Trump takes 32-25 lead in New Hampshire after midnight voting - My FrontPager

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Trump takes 32-25 lead in New Hampshire after midnight voting

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As the world waits with bated breath for the results of Tuesday's contentious presidential election, its eyes turned briefly to three sleepy hamlets in rural New Hampshire, as their residents — fewer than 100 total — became the first in the nation to cast their ballots.

In Dixville Notch, Hillary Clinton beat Donald Trump 4-2. Libertarian Gary Johnson received one vote, and the 2012 Republican candidate, Mitt Romney received a surprise write-in ballot. In the slightly larger burg of Hart's Location, Clinton won with 17 votes to Trump's 14. Johnson got three of Hart's Location votes, while write-ins Bernie Sanders and John Kasich each got one vote. And in Millsfield, Trump won decisively, 16-4, with one write-in for Bernie Sanders.
So, in the three New Hampshire towns with midnight voting, Trump came out ahead 32-25.
According to New Hampshire law, communities with under 100 voters can open their polls at midnight and close them as soon as all registered voters have cast their ballots.
The best known of these three towns, Dixville Notch has been voting at midnight every election since 1960. Neil Tillotson, the former owner of the Balsams Grant Resort Hotel, which closed in 2011, started midnight voting in Dixville in 1960 to stir up publicity for the resort. Almost all of the Dixville voters are employees of the resort .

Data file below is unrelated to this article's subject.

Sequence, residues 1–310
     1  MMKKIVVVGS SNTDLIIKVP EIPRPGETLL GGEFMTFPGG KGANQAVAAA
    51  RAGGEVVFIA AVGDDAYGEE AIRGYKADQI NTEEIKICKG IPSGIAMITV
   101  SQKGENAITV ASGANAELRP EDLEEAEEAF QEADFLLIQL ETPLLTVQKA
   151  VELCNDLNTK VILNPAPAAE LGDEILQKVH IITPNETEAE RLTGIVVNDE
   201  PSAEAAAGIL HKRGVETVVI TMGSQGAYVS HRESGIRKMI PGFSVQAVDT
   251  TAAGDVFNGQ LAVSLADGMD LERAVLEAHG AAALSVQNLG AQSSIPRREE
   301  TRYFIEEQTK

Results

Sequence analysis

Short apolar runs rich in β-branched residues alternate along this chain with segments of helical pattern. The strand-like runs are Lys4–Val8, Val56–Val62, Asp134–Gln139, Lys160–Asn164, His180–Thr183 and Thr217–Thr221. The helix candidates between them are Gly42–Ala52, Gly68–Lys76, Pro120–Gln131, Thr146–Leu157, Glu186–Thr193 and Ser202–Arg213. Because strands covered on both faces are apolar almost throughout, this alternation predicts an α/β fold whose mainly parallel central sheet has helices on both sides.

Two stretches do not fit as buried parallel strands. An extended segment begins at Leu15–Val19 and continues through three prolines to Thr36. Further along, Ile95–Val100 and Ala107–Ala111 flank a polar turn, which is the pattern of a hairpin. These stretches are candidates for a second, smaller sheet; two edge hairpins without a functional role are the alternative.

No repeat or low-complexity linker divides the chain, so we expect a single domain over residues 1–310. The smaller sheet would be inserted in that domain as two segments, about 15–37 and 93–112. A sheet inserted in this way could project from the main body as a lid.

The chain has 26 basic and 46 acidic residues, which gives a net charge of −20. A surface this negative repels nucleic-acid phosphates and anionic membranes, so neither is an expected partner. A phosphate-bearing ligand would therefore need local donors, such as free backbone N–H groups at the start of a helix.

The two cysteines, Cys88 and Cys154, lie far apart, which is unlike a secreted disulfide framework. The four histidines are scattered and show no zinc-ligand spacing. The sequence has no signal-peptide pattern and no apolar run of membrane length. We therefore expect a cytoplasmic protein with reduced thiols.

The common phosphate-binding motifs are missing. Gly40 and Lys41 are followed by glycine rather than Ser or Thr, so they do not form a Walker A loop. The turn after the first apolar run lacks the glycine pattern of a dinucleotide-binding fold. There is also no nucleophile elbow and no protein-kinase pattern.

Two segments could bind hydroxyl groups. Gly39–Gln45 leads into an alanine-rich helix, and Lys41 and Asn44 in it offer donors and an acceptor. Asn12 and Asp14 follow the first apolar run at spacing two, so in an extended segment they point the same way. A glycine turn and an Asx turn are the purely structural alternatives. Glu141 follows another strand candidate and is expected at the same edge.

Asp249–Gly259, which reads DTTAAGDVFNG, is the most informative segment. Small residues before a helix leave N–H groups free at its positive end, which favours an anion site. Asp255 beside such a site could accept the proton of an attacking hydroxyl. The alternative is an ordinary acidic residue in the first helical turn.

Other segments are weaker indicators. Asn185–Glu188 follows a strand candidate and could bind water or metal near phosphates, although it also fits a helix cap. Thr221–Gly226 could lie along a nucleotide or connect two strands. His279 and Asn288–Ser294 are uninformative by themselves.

“It’s important for us to revisit history that has been forgotten by most people,” Wayne Urso, the Millsfield election official who is spearheading the midnight vote told Medill News Service.
Don't read too much into the results from these towns. They lean conservative and tend to vote Republican. Dixville voted for the Republican in every election since 1960 — including Barry Goldwater who lost in a landslide to Lyndon Johnson — until going for Obama in 2008, and splitting the vote between Romney and Obama in 2012.
Since reviving midnight voting, Hart's Location voted for Dole in 1996, Bush in 2000 and 2004, and, like Dixvillem, broke with tradition to vote for Obama in 2008 and 2012.
Dixville had a better track record in the GOP primary and predicted every Republican nominee since 1968 (counting ties in 1980 and 2012), but that streak came to a crashing halt when Donald Trump walked into town and John Kasich edged out the future nominee 3-2.

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